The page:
Wednesday, March 31, 2010

Staraya Samara

Samara, Russia
September 2009

Tuesday, March 23, 2010

LiAZ-677

LiAZ-677
Samara, Russia
September 2009



ЛиАЗ-677
Самара
Сентябрь 2009

Monday, March 22, 2010

Boy

Thursday, March 18, 2010

Christmas 2003, fragment

USA
December 2003

Wednesday, March 17, 2010

Abacus

Kem', Russia
August 2009


Кемь
Август 2009

Tuesday, March 16, 2010

ZIL-131, Solovki

ZIL-131 with a radar set (?) on Bolshoy Solovetsky Island
August 2009




ЗИЛ-131 с локатором на Соловецком острове
Август 2009

Monday, March 15, 2010

Buildings in Samara

Samara, Russia.
September 2009.



Sunday, March 14, 2010

Links in Comments and Parasitism

Today, a gentleman named John left a comment on the Solovki post.  The comment said:
Absolutely beautiful picture. I'd love to go and see other countries and their cultures.
This seemingly-innocuous sentence is actually a little trap — when you click on the word "picture", it takes you to John's gardening blog.  Why does John want you to go to his blog?  To create a possibility of you clicking on an ad, so John can make some passive income.  He also gets a little boost from the search engines by having a one-way link from a hugely popular resource (proof: google "terry gross x ira glass").

I wouldn't have minded if John simply left a URL.  It's the trickery that basically makes me feel like I'm letting a total scumbag crash on my couch, possibly forever.

I don't want to moderate comments, it just seems to kind of defeat the purpose of the internet.

So I decided to disable links in comments.  Well, you can't — Blogger doesn't have such an option. It's really not that hard though, it's not like comments are graffiti — it's just HTML. So I added some special magic codes to replace an anchor tag with its text.

I figure if a commenter's intentions are pure, he'll probably leave an actual URL, in which case the reader will have to select the link and paste it into a new tab's navigation bar.  Commenters with impure intentions — ones that try to trick my readers into clicking ads on their gardening blogs — will leave us with possible non sequiturs.  In John's case, the special magic codes simply turn him into an extra super-nice internet guy.

Saturday, March 13, 2010

Friday, March 12, 2010

LuAZ in Moscow

LuAZ in Moscow, September 2009. Near Petrovsko-Razumovskaya Metro station.



ЛуАЗ-969М «Волынь».

Thursday, March 11, 2010

Columbidae

Wednesday, March 10, 2010

Tuesday, March 9, 2010

Monday, March 8, 2010

Man

Saturday, March 6, 2010

Dog

Thursday, March 4, 2010

Tuesday, March 2, 2010

Picturesqueness



The big building on the left is 715 Peralta St. in West Oakland.

The little house next to it used to be owned by a family who creatively purchased it for 561 thousand dollars in 2005. Some time in 2007 they moved away and the house — bank-owned at this point — was vacant for a long time, over a year. Zillow says it sold for $358,000 in June of 2008.

To the right of the little house there is a church parking lot, followed by the church.

Every Sunday for three years we heard thunderous sermons and singing, saw people congregate afterward around the table with food, and watched large American cars empty the parking lot and slowly depart in various directions. The church was pink.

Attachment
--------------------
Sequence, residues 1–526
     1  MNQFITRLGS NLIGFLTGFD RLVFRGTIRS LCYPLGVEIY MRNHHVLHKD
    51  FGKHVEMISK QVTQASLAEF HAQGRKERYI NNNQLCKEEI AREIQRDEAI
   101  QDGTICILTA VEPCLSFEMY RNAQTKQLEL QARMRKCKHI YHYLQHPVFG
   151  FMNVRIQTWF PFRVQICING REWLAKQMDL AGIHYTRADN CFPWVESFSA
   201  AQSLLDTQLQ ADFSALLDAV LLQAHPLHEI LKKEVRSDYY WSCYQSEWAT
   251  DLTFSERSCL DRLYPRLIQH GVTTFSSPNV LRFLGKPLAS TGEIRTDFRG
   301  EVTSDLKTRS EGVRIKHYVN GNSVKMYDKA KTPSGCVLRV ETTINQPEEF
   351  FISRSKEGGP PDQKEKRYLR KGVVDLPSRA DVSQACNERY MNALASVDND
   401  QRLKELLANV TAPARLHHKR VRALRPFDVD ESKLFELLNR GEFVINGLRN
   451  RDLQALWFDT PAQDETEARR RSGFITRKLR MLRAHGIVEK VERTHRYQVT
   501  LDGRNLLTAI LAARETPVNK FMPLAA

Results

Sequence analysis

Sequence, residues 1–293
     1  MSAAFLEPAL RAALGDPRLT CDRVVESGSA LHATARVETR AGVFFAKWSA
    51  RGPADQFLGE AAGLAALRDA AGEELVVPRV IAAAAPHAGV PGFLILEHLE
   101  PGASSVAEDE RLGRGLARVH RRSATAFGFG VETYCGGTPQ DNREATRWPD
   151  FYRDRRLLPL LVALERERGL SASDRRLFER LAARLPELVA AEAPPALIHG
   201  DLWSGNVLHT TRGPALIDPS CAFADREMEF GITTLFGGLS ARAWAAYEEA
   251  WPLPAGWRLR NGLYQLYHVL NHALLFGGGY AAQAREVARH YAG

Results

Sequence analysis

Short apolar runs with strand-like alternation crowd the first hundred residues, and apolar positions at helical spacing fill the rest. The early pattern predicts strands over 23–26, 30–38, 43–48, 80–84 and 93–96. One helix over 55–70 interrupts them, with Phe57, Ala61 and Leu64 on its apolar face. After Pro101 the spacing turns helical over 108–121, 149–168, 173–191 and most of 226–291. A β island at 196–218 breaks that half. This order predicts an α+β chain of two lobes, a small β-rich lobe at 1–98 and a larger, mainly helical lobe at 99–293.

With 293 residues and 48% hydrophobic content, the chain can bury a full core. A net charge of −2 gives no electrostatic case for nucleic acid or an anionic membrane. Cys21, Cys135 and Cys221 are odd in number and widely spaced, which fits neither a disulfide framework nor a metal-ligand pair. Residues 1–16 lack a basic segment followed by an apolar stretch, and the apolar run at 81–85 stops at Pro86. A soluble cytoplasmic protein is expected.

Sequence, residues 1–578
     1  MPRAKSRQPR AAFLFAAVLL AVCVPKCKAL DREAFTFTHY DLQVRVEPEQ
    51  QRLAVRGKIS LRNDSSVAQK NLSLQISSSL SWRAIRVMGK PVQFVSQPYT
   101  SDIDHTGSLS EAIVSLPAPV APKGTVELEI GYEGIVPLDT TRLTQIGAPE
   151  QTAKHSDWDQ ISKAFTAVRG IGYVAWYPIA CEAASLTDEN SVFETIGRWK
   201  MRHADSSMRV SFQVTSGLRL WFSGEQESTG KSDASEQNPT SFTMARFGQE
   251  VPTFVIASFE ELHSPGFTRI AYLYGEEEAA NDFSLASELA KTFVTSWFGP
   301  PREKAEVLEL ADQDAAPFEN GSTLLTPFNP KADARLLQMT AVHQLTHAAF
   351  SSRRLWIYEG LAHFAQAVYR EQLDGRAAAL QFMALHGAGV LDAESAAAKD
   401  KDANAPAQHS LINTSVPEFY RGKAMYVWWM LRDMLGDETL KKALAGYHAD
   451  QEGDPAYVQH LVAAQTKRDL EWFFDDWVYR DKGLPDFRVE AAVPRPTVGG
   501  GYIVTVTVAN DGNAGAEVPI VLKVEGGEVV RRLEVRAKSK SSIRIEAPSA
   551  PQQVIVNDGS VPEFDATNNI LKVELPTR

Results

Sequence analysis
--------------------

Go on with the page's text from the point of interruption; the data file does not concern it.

In late 2009 the church was sold to people whose ancestors came from somewhere in Asia (real Asia, not this one). They painted the church yellowish green, fixed the windows, kicked out the guy with dreadlocks who lived in a VW Bus in the parking lot, and while it is possible that they started singing, we've never heard a sound coming from the church again. I've seen one American car in the parking lot — a Chevy van which carried the workers who came to install a hood over the back door.

The two people standing against the fence did something that attracted a measurable part of the Oakland police force to come check it out. My wife says they hauled someone away.

The white Buick behind the police car will not be here long. It was used as a getaway vehicle in a shooting that happened a few weeks ago — they left before the cops showed up. Just a few days ago one could witness a very probable drug deal conducted through the driver's side window of the Buick.

I can't tell you how many such Buicks have been parked on our block over the last several years. They come, do their thing, and then they vanish. Usually via a city-sponsored tow truck.

I'm sure that most residents of 715 Peralta aren't criminals. It is safe to say that every single one of them has been somewhat unlucky in life, to end up living at a place like that, but very likely most of them, and probably even the overwhelming majority, aren't surviving by committing crimes.

So, maybe there are three, four active criminals in that building. They have guns, sell drugs, rape women, don't pay child support. They conduct street business, naturally, on the street where they live. With people who live elsewhere, but come here, to 715 Peralta.

I want to know who owns this building. They pay property taxes. They put up ads on Craigslist. They fix up the apartments after the fires. This building is somebody's business, a business that turns an otherwise low key part of the hood into a cradle of crime.

There is a parking lot to the left of the building. Every night a beige GMC truck parks in its entrance and several men sleep in it. You can tell by the fogged up windshield.